The Press (New Zealand)
Concern at doping of erratic elderly
Wednesday, 30 April 2008
Concern is growing about the doping of elderly rest home residents with anti-psychotic drugs.
British research shows the practice - soon to be the subject of a New Zealand study - can result in premature death.
Researchers from King's College in Britain compared the life expectancy of people with dementia and prescribed anti-psychotic medication with those not on the drugs.
They found those given anti-psychotic drugs, not designed to treat dementia but sometimes used to control aggression, died much earlier.
After 24 months on the study, more than 45 per cent of those taking anti-psychotic medication had died compared with 22% of people in the other group.
It is unknown exactly how many elderly New Zealanders with dementia or Alzheimer's disease are prescribed the psychiatric medications.
However, a group of North Island researchers will soon publish a study looking at the use of anti-psychotic medication in rest homes.
Old-age psychiatrist Matthew Croucher said far too many elderly were likely to be prescribed anti-psychotic drugs unnecessarily.
The drugs made them more likely to fall over and hurt themselves, have a stroke and in some cases die prematurely, while the benefits were modest, he said.
"Overseas there is an increasing concern about the use of anti-psychotics among the elderly. In the UK inappropriate over-medication is widespread," he said. "Here we are now looking at the issue because it is a significant one."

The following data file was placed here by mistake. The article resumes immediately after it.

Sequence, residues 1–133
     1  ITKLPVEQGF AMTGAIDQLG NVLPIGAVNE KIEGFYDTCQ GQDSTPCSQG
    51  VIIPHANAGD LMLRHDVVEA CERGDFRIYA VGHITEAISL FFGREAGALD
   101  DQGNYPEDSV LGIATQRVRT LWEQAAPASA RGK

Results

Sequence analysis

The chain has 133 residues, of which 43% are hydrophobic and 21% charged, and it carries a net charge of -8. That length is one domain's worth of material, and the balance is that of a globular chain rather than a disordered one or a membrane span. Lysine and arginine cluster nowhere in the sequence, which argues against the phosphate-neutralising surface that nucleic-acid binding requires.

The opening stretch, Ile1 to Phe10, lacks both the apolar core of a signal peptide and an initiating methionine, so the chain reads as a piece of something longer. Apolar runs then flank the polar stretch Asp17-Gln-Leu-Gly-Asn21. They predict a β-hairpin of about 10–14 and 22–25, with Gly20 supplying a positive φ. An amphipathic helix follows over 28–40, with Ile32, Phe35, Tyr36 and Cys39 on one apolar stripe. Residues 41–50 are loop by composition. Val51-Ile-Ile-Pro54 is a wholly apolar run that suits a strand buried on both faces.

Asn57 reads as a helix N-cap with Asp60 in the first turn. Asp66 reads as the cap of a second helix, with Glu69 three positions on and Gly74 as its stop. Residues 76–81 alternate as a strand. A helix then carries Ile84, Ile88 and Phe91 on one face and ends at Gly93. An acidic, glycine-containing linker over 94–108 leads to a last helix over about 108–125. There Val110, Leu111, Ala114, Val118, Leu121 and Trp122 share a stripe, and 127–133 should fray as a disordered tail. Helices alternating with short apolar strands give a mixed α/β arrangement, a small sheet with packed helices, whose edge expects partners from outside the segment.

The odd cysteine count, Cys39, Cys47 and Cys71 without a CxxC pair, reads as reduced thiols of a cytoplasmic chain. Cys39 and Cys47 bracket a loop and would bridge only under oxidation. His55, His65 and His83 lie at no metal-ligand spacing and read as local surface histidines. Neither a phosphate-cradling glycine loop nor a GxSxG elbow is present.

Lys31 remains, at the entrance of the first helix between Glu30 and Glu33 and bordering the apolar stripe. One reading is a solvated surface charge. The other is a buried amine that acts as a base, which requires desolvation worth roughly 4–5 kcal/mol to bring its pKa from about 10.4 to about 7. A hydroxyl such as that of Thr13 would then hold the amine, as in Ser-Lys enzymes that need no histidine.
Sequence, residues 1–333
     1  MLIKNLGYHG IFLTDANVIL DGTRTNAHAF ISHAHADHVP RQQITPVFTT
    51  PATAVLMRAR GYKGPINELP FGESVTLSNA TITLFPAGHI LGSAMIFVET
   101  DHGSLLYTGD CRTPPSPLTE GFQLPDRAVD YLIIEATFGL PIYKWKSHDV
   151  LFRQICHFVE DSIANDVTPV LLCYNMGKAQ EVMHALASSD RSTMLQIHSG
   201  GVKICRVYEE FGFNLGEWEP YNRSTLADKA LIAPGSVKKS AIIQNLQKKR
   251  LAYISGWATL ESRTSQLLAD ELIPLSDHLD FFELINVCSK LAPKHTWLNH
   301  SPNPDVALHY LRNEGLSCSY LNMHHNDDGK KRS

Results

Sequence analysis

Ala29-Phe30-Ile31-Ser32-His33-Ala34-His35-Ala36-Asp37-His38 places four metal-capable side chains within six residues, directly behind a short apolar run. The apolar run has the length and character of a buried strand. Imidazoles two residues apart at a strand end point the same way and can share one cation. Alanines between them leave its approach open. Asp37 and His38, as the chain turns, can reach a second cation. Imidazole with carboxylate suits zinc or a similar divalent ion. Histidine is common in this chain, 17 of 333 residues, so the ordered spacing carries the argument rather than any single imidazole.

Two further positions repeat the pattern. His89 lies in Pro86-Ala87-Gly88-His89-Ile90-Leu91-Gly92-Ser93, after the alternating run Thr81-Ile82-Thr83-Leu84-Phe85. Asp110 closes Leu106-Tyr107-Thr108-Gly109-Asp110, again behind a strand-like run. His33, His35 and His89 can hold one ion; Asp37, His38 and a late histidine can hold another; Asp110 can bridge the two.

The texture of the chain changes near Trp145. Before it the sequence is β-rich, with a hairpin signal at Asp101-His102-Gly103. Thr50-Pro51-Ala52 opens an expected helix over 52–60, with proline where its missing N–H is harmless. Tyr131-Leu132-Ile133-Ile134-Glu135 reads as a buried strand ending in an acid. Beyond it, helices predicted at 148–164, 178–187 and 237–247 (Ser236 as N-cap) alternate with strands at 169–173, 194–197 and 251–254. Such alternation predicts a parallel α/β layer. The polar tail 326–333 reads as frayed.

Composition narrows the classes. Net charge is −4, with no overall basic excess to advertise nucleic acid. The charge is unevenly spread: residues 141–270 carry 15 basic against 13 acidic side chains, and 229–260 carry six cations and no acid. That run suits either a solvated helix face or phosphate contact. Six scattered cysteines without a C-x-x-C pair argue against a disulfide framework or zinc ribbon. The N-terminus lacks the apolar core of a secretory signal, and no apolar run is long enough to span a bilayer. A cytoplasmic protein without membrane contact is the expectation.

Croucher is one of a team of people recently charged by New Zealand's drug agency, Pharmac, to write prescription guidelines for anti-psychotic use in rest homes. He was also reviewing the North Island research.
Age Concern Canterbury chief executive Andrew Dickerson said he was disturbed by the British study, which was done by credible university academics.
He considered it abuse for people to be inappropriately medicated in rest homes, particularly if it happened because of staff shortages.
People with dementia could sometimes be difficult and required high levels of care but over-sedating them was not an appropriate response, he said.
Alzheimers New Zealand national director Lucille Ogston said it was sometimes appropriate to use anti-psychotic drugs to control intense physical or behavioural issues in people with dementia or Alzheimer's disease.
However, this was generally appropriate only in small doses and over short periods of time.
Staff shortages in rest homes and a lack of properly trained carers meant doctors were sometimes put under pressure to prescribe anti-psychotic drugs to control or sedate elderly, Ogston said.
She and Dickerson welcomed Pharmac's decision to write guidelines on the use of anti-psychotic drugs as a first step to understanding the scale of the problem in New Zealand.